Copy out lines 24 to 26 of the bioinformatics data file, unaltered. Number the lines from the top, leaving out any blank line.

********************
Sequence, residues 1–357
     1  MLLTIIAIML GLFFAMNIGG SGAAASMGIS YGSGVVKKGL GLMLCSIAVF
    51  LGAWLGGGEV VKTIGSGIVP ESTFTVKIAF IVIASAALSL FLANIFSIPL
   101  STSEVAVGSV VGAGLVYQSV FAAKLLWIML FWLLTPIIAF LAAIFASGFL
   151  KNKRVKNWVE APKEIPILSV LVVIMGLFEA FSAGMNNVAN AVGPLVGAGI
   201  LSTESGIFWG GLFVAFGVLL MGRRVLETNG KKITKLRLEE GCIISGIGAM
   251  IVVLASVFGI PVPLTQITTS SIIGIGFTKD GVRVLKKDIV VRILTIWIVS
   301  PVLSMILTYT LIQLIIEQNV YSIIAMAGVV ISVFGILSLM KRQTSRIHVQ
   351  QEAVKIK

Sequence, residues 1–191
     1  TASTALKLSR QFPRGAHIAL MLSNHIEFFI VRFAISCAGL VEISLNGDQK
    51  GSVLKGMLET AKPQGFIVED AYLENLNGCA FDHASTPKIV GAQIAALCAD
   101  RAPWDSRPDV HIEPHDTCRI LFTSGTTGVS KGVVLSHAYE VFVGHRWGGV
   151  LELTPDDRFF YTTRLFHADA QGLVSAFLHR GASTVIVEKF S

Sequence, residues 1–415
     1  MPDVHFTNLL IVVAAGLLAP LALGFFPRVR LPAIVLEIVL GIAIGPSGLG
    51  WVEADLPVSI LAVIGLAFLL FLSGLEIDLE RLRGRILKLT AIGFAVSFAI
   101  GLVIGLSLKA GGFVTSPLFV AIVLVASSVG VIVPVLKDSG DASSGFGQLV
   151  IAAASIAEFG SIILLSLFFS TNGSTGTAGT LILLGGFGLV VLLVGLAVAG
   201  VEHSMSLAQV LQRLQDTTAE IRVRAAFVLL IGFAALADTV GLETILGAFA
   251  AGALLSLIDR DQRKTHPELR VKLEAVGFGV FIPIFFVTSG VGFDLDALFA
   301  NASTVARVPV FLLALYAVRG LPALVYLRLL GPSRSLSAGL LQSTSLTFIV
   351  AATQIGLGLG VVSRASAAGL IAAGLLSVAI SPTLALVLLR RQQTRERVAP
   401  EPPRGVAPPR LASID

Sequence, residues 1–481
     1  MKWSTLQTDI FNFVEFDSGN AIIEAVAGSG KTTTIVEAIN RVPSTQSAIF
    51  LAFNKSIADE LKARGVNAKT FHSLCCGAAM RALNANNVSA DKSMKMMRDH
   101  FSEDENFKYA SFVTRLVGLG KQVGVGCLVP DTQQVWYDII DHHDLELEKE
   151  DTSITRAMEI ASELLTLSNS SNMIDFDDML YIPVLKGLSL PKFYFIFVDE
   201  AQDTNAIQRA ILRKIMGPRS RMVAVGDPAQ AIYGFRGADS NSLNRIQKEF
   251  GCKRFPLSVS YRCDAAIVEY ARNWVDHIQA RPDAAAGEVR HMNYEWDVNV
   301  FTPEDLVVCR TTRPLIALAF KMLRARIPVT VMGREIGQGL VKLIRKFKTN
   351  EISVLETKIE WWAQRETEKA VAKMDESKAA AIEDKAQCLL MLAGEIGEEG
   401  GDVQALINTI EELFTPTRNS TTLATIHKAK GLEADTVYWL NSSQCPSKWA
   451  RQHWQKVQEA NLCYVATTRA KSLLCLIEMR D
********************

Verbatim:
   401  EPPRGVAPPR LASID

Sequence, residues 1–481
     1  MKWSTLQTDI FNFVEFDSGN AIIEAVAGSG KTTTIVEAIN RVPSTQSAIF